FIFIELD:

Technology has given us a whole range of new opportunities. But sadly it also means that people who want to cause harm to others have new opportunities and new ways of doing that. And sadly the research, the survey work, that the Office of the eSafety Commissioner has undertaken has found that one in five of those surveyed have been subject to some sort of non-consensual sharing of intimate images. And that can be of a part of themselves. It can be of them undertaking a private activity. And obviously that can cause immense damage to an individual. Immense distress. It can wreck lives. What we’re doing is introducing into the Parliament two things. One is a range of civil penalties so that perpetrators can be fined $105,000 and social media platforms $525,000. But we’re also introducing a new category of criminal offence, an aggravated offence, in addition to the current criminal provisions that we have. And that will mean that someone can be jailed for five years. And, for repeat offenders, jailed for up to seven years. Because we want to send the message to creeps online that the law is going to come after you, that this is not acceptable.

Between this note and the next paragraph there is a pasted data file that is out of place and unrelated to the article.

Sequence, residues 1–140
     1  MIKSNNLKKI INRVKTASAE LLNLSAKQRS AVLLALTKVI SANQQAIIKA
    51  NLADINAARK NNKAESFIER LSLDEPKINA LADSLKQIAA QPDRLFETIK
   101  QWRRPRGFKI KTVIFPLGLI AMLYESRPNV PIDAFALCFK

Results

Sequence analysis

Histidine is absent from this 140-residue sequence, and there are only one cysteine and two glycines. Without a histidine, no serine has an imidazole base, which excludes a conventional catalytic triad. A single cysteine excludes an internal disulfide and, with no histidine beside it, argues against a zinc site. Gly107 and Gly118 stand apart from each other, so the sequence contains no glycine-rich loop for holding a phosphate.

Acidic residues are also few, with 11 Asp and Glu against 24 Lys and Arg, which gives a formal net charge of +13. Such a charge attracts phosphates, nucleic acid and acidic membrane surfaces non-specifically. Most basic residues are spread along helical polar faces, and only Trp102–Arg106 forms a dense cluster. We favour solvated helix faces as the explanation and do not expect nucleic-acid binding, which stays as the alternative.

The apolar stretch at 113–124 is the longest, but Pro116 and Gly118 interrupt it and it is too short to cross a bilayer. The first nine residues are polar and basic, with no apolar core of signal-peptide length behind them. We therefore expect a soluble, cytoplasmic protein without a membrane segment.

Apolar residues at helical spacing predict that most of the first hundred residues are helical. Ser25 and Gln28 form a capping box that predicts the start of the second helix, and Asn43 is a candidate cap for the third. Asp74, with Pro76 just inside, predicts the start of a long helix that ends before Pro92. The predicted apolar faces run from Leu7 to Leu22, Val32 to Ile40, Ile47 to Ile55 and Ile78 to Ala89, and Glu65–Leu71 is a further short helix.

JAYES:

Yeah, there certainly are creeps online. It struck me that under this legislation there would be fines for individuals and corporations. Now, for individuals around $100,000, for corporations around $500,000. Have corporations seriously engaged in revenge porn? How have they been able to do that?

 

FIFIELD:

Well, it’s more a case where an individual seeks to put this material, and to share it, by way of an online platform. Now the eSafety Commissioner has had very good success in having social media organisations voluntarily take this material down. But it’s not necessarily the case that all organisations at all times will do the right thing. So where a social media organisation or a platform doesn’t take material down at the request of the e-Safety Commissioner, then they will have the capacity to seek to levy fines of more than $500,000.

 

JAYES: